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Air Force Medicine in the Korean War

  • Published
  • By Peter Holstein
  • Air Force Surgeon General Public Affairs
The Air Force Medical Service (AFMS) became independent from the U.S. Army in 1949, just four years after the end of World War II. The Korean War, just a year later, was the first opportunity for the new medical arm of the U.S. Air Force to demonstrate its value in a wartime situation. Many of the lessons learned and process developed in that conflict are still vital to the AFMS mission today.

When North Korean troops invaded South Korea in June 1950, Far East Air Forces (FEAF) had only about 85 medical personnel. Within two months, heavy U.S. and United Nations casualties almost overwhelmed the meager Allied medical resources in the Far East. FEAF medical personnel soon increased to more than 600.

Early in the war, the U.S. Army and Marine Corps preferred evacuating most casualties by rail and sea. The war soon showed that aeromedical evacuation, proven valuable in World War II, was ideal for evacuating all U.S. casualties. Army and Air Force helicopters, and Air Force C-47s and C-54s, evacuated most of the Korean War's casualties.

Evacuating casualties from the warzone by air reduced the casualty death rate by 50 percent from World War II, less than 10 years previous. Today, Air Force aeromedical evacuation assets are still the primary way to move casualties from warzones for care, and have contributed to the highest survivability rate of any conflict in history.

In the summer of 1950, to cope with the rush of casualties, Air Force H-5 rescue helicopters went into action as front-line medical craft. Air Force C-47 transports carried aeromedical crews into forward airstrips under enemy fire, saving many American lives. The Air Force's 801st Medical Air Evacuation Squadron was one of the first units to receive a Distinguished Unit Citation, evacuating more than 4,700 casualties from the Chosin Reservoir.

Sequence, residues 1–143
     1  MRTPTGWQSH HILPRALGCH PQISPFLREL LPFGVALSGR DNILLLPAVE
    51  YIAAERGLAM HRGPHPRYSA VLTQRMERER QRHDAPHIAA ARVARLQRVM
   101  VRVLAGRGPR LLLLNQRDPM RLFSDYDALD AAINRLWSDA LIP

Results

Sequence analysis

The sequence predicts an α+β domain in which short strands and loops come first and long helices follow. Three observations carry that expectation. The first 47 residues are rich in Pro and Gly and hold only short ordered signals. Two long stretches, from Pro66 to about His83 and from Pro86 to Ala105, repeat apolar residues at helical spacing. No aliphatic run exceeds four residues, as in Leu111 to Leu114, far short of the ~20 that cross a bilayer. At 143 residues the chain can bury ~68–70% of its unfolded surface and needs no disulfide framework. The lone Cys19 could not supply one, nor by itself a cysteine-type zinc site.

At the start of the war, the Air Force did not have full responsibility for aeromedical evacuation. Army and Marine units were responsible for forward medical evacuation with their own aeromedical helicopters. The Air Force supplied longer-range aeromedical evacuation. In December 1953, however, the Air Force began organizing and staffing aeromedical staging facilities in forward combat areas.

To complete the increased medical mission during the Korean War, the AFMS began building hospital facilities at each Air Force base around the world. The first major USAF hospitals completed were at Elmendorf, Travis, Andrews, and Lackland Air Force Bases. The size and scope of these facilities vary to this day, depending on the medical requirements of each conflict.

The Korean War also showed the Air Force's need for better field hospitals. Medical facilities in Korea were clinically adequate but not standardized, and often built out of shell buildings and Quonset huts. In August 1953, the AFMS tested a standard 50-bed field hospital, which a C-119 could fly 1,000 miles overland to deploy. In 1955, the Air Force procured the first airborne medical assemblages, containing 36 beds. In the decades to come, the AFMS continued to develop ways to modularize and tailor portable medical assemblies to meet the precise needs of each deployment.